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Republic of Minerva

Coordinates: 23°38′30″S 178°54′47″W / 23.64167°S 178.91306°W / -23.64167; -178.91306
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Republic of Minerva
Unrecognized micronation
Location of Minerva Reefs
Claimed byMichael Oliver
Dates claimed1972–1973, 1982
Area claimedMinerva Reefs (Tonga)

The Republic of Minerva was a micronation consisting of the Minerva Reefs. It was one of the few modern attempts at creating a sovereign micronation on the reclaimed land of an artificial island in 1972. The architect was Las Vegas real estate millionaire and political activist Michael Oliver, who went on to other similar attempts in the following decade. Lithuanian-born Oliver formed a syndicate, the Ocean Life Research Foundation, which had considerable finances for the project and had offices in New York and London.[1] They anticipated a libertarian society with "no taxation, welfare, subsidies, or any form of economic interventionism." In addition to tourism and fishing, the economy of the new nation would include light industry and other commerce.

On 24 February 1972 Tonga made a claim over the Minerva Reefs, which was backed by Australia, New Zealand (including the Cook Islands), Fiji, Nauru and Samoa. A Tongan expedition was sent to enforce the claim, arriving on 18 June 1972. In 1982 a group of Americans led again by Davis tried to occupy the reefs, but were forced off by Tongan troops after three weeks.[2] No known claimant group since 1982 has made any attempt to take possession of the Minerva Reefs. According to Reason, Minerva has today been "more or less reclaimed by the sea".[3]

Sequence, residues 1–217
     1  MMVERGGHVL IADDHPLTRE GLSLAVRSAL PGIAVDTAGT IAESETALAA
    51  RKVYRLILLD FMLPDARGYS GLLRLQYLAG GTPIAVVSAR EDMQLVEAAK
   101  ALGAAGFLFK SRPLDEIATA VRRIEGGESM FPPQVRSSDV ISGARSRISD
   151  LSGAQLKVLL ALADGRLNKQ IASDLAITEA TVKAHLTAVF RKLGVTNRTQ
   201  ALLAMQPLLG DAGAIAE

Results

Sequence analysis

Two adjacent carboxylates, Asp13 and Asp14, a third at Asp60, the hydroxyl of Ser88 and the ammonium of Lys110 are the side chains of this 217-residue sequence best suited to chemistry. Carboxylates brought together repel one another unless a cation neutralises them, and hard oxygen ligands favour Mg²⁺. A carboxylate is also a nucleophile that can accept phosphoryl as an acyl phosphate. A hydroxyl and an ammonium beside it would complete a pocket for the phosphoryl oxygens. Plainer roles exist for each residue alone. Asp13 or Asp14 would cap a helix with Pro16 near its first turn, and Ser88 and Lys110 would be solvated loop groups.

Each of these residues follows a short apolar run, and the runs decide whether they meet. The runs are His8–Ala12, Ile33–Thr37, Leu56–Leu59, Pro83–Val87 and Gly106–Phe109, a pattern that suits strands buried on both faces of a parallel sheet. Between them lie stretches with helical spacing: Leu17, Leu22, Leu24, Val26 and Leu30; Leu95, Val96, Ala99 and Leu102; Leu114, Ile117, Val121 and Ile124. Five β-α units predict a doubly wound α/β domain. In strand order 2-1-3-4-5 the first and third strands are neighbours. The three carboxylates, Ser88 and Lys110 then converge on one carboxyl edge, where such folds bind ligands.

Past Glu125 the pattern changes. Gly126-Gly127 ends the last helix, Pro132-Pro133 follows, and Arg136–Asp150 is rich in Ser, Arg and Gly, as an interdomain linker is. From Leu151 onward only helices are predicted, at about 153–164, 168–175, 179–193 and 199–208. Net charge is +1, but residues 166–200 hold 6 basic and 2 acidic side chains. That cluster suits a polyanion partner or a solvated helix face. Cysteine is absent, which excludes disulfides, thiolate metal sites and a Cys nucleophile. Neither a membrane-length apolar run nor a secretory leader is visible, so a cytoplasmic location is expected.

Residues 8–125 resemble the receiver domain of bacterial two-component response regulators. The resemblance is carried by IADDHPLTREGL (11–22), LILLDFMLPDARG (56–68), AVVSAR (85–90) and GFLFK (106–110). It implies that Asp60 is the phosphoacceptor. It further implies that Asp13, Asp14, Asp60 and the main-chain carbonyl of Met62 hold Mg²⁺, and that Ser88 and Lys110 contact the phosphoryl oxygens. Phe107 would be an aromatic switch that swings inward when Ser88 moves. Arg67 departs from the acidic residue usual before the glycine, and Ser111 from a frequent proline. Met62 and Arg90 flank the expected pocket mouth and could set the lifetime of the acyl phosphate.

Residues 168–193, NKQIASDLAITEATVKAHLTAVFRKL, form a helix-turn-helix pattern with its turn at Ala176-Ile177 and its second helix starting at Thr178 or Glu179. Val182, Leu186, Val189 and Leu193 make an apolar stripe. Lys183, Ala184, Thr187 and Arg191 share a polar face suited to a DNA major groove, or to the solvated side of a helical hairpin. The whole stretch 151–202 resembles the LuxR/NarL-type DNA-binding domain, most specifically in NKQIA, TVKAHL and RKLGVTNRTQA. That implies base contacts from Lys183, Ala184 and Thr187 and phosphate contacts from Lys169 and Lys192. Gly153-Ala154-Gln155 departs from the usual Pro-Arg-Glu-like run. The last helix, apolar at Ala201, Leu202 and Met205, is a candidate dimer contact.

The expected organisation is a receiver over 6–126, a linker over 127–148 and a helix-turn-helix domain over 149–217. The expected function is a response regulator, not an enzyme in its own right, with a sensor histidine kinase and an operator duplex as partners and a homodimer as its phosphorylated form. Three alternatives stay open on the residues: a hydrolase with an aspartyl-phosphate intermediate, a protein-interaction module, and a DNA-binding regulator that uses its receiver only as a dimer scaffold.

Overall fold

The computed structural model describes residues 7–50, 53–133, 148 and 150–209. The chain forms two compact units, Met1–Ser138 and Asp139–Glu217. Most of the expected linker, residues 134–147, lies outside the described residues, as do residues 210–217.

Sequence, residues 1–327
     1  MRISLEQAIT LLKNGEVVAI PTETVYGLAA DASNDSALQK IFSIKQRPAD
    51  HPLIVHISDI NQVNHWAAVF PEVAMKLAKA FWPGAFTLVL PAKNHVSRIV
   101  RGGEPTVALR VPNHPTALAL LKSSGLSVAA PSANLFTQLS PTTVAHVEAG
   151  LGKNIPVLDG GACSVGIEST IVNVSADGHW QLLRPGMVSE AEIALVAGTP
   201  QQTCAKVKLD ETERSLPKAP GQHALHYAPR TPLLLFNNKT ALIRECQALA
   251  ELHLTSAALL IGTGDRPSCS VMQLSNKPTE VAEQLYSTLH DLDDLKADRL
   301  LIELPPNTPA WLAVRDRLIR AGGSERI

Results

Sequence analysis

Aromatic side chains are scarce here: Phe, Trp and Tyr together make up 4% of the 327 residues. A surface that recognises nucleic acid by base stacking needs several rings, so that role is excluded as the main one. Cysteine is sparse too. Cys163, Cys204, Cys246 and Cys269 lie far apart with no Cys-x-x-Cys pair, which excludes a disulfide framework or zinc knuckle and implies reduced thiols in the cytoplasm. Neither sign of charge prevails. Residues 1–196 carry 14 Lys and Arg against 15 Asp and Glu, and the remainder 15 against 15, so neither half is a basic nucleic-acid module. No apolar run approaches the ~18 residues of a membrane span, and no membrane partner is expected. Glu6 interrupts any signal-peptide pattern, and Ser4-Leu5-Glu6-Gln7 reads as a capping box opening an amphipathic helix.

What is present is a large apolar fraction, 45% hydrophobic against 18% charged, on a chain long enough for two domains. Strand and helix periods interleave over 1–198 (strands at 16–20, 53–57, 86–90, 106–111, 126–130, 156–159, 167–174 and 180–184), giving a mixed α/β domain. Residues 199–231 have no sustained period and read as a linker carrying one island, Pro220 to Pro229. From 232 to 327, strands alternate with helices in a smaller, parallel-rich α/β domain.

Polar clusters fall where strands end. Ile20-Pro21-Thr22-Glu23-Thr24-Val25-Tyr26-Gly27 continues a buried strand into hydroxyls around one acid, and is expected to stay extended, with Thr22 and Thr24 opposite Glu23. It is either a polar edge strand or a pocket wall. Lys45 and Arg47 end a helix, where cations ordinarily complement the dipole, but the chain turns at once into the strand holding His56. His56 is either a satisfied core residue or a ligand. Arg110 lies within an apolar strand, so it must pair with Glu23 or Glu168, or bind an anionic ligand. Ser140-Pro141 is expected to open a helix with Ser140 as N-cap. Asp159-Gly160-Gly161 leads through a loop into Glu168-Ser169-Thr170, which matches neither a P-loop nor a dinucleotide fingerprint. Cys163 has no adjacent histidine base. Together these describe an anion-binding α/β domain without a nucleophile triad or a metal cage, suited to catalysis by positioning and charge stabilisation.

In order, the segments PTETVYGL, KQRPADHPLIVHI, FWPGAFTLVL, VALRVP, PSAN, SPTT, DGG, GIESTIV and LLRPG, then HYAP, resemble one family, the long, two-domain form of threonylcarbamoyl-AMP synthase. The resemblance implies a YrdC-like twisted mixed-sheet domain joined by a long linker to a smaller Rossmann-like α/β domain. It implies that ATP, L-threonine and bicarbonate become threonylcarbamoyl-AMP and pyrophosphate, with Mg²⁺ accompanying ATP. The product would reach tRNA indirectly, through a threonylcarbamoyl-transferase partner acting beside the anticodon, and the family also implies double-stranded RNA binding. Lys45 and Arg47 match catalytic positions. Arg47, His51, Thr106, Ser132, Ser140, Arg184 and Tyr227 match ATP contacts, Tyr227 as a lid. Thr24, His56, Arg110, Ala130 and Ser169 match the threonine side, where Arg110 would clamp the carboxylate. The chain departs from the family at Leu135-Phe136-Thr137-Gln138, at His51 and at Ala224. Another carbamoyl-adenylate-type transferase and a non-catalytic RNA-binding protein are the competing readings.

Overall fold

Landing on Minerva, years after the confrontation.
More people walking on Minerva.

The reefs were put on the charts by Captain John Nicholson of LMS Haweis in December 1818 as reported in The Sydney Gazette 30 January 1819[4] and had been marked on charts as "Nicholson's Shoal" since the late 1820s. Captain H. M. Denham of HMS Herald surveyed the reefs in 1854 and renamed them after the Australian whaler Minerva, which collided with South Minerva Reef on 9 September 1829.[5]

Flag of Minerva

In 1971 barges loaded with sand arrived from Australia, bringing the reef level above the water and allowing construction of a small tower and flag.[6] The Republic of Minerva issued a declaration of independence on 19 January 1972,[7] in letters to neighboring countries and even created their own currency. Morris C. "Bud" Davis was elected as President of the Republic of Minerva.[8]

Prior to 1972, Tonga had not claimed sovereignty over the Minerva Reefs. In 1887, when King George Tupou I of Tonga first proclaimed Tonga’s territory, the Minerva Reefs were not included. When asked about the Minervan's project, the King of Tonga, Taufaʻahau Tupou IV, denied rumors that Tonga meant to claim sovereignty over it, yet said "it was in the best interest of Tonga not to allow a group of people, whose objects were to make money and whose activities could be harmful, to become established on the reefs." Neighboring countries agreed; Fiji’s Prime Minister, Ratu Sir Kamisese Mara, claimed the actions of the Minervans set a dangerous precedent: "If these people can claim Minerva, what would stop them from doing it here?"[9]

Consequently, a conference of the neighboring states (Australia, New Zealand, Tonga, Fiji, Nauru, Samoa, and territory of Cook Islands) met on 24 February 1972 at which Tonga made a claim over the Minerva Reefs, and the rest of the states recognized its claim.[10]

On 15 June 1972 the following proclamation was published in a Tongan government gazette:


His Majesty King Taufaʻahau Tupou IV in Council DOES HEREBY PROCLAIM: